“Major source of vulnerability.” The EU recommendations for Italy state that “Italy’s large public debt remains a major source of vulnerability for the Italian economy”; a set of recent measures, coupled by “adverse demographic trends, partly reverse the positive effects of past pension reforms and weaken Italy’s long-term fiscal sustainability.” In 2018 “Italy’s interest spending stood in 2018 at around EUR 65 billion or 3.7% of GDP, i.e. broadly the same amount of public resources that are devoted to education.” Precisely for this reason “decisively reducing the debt should remain a priority in the best interest of Italy.” Recommendations to Rome’s government include fight against tax evasion and black labour, relaunching public investment, fight against corruption, the digitization of public administration.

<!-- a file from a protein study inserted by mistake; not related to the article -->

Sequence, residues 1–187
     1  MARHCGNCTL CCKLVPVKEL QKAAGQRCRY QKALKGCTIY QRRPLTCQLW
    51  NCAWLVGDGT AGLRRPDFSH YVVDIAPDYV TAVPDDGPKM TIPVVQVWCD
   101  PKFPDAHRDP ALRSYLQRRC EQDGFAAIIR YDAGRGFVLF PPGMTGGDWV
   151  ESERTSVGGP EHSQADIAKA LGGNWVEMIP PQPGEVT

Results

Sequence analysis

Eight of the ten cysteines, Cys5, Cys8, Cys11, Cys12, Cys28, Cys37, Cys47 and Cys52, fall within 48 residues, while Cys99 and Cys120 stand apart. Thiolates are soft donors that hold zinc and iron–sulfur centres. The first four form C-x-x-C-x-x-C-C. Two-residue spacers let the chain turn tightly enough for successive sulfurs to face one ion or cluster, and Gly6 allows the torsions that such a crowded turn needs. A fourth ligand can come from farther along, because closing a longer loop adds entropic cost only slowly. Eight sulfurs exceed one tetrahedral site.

The reply from Rome. The statements of some members of the Italian Government were rapidly delivered to Brussels. Above all, Prime Minister Giuseppe Conte, currently visiting Vietnam, said: “I will make every effort to avoid a procedure that is certainly not good for the country. The monitoring of our public finances, in particular in 2019, is, however, evidencing higher tax and social security revenues, as well as non-tax revenues, compared to estimates. This allows us to have some margins and to react better to the unfavourable economic situation.” From Brussels, during a press conference at the Berlaymont building, Moscovici said in Italian: “my door remains open” and “our hand is outstretched.” The willingness to engage in dialogue is declared by both sides.